I came up with a pretty simple solution that I installed in about 30 minutes with off-the-shelf parts. It was a bit more expensive than I had envisioned (each piece of hardware quickly adds up), but in the end I have a pan rack that fits perfectly in my space and has a great industrial look.
1 1/2" x 30" galvanized pipe (this pipe is also readily available in black)
2 1/2" 90-degree elbows
2 1/2" x 2" galvanized pipe nipples
2 1/2" galvanized floor flanges
6 standard-thread eye bolts
6 hex coupling nuts
6 standard-thread hook bolts
8 screws and sheetrock anchors (depending on your mounting situation)
Total cost: ~$50
Step 1: Design your rack for your available space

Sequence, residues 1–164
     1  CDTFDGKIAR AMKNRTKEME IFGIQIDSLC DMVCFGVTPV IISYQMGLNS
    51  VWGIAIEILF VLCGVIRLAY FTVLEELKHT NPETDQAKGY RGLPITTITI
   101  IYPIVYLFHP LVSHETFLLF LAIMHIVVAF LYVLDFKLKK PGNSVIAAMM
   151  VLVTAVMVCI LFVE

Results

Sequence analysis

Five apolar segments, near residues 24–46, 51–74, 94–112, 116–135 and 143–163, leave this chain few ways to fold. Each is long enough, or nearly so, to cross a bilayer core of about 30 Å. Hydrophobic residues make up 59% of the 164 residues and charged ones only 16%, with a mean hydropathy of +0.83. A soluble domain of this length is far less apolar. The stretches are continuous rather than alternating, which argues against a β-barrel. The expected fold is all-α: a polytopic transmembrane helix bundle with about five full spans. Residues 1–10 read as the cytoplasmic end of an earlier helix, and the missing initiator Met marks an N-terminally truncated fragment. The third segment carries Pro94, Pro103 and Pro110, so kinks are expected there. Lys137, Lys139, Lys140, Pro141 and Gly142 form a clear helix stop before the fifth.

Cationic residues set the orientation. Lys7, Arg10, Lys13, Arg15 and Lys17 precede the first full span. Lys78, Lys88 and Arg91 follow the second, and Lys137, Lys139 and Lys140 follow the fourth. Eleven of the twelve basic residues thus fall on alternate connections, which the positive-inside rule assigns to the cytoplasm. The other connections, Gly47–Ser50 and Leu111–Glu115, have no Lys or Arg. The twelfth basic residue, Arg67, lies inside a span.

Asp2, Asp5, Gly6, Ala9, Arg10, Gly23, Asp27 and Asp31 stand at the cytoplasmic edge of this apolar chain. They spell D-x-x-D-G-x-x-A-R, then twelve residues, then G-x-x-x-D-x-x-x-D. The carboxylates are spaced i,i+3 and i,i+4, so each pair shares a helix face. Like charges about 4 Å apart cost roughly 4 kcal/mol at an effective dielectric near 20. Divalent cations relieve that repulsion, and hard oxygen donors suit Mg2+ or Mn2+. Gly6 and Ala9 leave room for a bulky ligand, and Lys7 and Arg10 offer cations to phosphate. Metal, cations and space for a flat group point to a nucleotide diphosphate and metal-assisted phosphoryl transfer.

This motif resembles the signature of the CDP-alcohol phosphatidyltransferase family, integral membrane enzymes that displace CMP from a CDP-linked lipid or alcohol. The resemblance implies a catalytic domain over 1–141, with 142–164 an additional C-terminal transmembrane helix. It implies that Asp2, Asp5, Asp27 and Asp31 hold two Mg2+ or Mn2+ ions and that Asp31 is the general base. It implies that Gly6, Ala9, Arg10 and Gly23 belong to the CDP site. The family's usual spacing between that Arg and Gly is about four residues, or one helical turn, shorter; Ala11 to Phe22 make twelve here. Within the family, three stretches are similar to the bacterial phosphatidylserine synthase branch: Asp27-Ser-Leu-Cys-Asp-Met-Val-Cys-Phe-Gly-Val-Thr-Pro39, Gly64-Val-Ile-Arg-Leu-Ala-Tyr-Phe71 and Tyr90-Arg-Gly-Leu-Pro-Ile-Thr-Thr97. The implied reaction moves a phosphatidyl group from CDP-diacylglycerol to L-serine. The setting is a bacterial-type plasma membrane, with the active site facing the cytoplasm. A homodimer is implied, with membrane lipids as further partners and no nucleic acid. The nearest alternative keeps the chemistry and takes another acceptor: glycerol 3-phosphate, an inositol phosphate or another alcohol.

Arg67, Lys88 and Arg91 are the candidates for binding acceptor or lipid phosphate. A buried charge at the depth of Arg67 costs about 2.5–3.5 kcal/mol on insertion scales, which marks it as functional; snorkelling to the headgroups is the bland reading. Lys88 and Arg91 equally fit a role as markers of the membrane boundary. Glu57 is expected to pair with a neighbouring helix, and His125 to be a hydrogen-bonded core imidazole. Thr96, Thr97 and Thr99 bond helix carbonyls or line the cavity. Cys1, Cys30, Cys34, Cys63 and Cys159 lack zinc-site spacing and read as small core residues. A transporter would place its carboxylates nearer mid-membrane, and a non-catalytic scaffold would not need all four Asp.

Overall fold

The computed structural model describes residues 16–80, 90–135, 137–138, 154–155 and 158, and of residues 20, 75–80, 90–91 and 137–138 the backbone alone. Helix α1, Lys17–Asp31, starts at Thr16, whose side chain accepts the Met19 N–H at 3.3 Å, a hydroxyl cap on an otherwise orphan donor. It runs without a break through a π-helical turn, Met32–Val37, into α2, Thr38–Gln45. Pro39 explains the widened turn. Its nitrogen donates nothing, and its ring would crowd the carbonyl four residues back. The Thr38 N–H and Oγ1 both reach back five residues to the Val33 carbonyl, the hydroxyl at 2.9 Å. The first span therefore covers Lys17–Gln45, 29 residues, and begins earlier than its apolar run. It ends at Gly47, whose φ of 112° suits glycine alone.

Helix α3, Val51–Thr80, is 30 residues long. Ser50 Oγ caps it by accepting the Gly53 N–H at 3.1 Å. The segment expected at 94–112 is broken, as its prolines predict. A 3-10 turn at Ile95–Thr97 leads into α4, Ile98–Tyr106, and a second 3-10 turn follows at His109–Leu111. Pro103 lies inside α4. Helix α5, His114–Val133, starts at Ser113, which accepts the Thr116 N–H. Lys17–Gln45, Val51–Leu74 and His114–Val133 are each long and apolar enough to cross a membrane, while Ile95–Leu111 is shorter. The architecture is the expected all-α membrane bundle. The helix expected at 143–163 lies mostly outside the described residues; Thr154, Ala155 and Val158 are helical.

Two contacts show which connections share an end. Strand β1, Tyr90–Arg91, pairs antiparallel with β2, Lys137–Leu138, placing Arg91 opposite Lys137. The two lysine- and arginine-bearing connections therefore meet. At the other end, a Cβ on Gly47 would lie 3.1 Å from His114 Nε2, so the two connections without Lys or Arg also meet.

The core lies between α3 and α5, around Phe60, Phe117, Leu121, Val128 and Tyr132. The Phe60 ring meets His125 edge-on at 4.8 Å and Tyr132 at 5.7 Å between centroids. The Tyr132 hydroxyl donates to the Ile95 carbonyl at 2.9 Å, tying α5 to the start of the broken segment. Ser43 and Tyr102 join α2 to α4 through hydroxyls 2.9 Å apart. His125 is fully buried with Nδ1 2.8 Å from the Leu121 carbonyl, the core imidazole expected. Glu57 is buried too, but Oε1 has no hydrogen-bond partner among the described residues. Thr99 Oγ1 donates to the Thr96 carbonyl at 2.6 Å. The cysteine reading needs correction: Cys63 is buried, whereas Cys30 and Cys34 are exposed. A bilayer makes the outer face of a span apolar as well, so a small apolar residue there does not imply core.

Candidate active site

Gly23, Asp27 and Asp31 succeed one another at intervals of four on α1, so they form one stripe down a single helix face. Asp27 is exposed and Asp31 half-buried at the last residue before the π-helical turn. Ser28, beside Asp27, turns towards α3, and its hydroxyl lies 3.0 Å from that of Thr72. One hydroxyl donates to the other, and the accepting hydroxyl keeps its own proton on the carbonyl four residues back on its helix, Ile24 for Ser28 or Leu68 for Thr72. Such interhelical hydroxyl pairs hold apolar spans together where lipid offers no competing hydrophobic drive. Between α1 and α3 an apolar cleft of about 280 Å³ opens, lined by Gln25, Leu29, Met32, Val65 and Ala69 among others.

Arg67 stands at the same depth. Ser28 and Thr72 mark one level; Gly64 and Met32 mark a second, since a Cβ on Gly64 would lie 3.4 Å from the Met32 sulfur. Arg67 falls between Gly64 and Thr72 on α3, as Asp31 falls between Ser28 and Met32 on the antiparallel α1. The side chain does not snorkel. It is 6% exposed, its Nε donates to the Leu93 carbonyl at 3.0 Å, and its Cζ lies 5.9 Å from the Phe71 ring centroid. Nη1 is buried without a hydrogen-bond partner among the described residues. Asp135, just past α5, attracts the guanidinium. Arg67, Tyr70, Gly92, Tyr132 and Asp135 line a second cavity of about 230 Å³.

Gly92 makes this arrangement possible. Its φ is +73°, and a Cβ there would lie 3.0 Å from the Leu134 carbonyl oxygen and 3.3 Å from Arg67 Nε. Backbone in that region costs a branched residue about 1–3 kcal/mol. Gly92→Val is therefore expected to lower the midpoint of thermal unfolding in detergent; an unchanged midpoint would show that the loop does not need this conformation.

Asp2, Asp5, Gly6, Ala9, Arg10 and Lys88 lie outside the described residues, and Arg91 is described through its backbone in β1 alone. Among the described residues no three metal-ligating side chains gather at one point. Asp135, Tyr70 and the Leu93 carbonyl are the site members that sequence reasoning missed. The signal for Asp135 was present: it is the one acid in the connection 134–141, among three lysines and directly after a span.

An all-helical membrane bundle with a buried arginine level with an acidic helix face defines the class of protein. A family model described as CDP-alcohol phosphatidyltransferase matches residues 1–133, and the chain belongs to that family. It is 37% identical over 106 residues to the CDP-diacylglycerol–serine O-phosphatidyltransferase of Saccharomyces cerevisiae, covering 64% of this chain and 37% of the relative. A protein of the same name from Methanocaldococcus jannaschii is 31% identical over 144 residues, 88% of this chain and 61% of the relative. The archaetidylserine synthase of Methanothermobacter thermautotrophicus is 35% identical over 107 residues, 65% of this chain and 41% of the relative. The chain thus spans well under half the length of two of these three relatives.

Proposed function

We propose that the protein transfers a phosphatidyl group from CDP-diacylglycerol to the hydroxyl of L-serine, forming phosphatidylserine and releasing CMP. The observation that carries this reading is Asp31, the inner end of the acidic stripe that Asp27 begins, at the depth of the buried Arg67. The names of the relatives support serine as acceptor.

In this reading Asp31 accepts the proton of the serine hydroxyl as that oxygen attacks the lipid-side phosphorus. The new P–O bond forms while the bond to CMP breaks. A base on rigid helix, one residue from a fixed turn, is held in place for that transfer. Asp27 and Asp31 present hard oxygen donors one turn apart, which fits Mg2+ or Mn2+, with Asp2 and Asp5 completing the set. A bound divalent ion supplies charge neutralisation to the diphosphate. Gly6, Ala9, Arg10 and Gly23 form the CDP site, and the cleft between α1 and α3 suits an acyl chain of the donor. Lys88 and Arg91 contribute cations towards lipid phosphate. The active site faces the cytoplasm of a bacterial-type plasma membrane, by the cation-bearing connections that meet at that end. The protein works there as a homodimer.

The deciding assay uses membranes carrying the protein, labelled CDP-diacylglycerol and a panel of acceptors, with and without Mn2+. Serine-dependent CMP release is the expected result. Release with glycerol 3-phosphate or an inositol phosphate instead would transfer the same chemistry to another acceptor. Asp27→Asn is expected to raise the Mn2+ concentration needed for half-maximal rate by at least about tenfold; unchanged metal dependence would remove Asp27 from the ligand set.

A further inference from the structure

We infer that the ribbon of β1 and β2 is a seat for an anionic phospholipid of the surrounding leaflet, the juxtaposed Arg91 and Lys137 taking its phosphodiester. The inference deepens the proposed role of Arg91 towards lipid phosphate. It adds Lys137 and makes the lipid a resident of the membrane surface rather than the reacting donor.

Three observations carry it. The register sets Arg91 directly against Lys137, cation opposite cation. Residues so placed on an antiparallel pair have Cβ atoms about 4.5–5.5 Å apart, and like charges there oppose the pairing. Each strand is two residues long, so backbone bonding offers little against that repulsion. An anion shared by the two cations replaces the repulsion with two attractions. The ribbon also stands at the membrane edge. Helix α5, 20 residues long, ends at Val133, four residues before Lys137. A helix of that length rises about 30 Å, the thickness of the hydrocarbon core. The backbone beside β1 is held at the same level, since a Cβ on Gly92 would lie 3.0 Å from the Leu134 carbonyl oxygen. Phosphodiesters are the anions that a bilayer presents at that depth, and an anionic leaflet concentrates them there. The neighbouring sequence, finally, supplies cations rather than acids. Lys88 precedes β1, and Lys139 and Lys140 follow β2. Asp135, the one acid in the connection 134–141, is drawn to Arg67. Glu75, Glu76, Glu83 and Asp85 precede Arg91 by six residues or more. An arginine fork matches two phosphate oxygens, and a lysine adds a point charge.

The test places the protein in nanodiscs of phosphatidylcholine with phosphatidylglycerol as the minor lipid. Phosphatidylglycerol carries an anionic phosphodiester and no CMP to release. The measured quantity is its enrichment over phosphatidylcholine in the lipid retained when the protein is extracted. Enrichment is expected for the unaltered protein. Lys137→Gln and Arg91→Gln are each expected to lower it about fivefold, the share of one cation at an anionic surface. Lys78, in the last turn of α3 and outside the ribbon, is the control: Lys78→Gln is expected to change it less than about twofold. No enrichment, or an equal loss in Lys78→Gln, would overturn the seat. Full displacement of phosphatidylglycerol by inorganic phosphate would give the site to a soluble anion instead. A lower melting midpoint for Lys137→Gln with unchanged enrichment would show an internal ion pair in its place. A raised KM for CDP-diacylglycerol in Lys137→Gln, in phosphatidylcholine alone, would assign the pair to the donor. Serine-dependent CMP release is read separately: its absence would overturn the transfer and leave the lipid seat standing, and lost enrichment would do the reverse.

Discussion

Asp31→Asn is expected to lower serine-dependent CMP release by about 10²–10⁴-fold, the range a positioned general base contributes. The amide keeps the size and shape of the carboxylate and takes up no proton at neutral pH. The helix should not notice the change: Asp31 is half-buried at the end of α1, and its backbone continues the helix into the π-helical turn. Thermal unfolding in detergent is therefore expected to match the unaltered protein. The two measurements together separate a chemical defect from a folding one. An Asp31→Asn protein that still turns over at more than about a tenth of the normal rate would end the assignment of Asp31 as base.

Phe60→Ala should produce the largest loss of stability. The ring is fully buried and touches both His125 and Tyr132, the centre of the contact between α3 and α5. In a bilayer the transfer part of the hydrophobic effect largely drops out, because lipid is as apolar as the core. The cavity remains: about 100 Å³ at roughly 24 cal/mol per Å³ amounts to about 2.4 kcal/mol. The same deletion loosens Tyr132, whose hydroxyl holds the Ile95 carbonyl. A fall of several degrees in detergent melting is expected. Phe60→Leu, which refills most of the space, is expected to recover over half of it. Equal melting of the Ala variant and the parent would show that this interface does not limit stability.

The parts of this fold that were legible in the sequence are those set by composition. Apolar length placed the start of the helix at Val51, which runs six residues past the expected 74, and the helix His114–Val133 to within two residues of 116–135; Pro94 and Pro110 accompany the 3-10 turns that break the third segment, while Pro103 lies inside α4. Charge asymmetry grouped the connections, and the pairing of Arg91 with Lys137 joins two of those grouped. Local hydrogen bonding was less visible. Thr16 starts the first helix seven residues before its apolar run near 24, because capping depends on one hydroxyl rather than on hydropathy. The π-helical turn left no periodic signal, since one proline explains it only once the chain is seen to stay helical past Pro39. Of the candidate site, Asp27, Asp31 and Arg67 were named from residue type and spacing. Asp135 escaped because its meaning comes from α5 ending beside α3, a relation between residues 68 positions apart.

Come up with a design based on the following considerations:
- How many pans do you want to store on the rack? My rack is 30" wide and holds 6 skillets and sauce pans. About 5" of width on average for each pan is probably a good rule of thumb. Also make sure that once you hang pans on your rack that they do not prevent you from opening up nearby cupboards. (In my case, the two cupboards immediately behind the rack are not very useable, but this is because the person who build the kitchen ran the exhaust fan for the stove in that space.)
- How low should my pans hang down? For example, I am 6' tall, while my girlfriend is 5' 4". I made sure that the pans were low enough for her to reach, but high enough so that I didn't bang my head on them while I was cooking. The ceiling where the rack is mounted is 8' high, for your reference.
- How far from the wall should I mount my rack? Keep in mind that you probably don't want to have large pans touching your wall or cupboards. Make sure that you account for the diameter of your largest pan when it is hanging.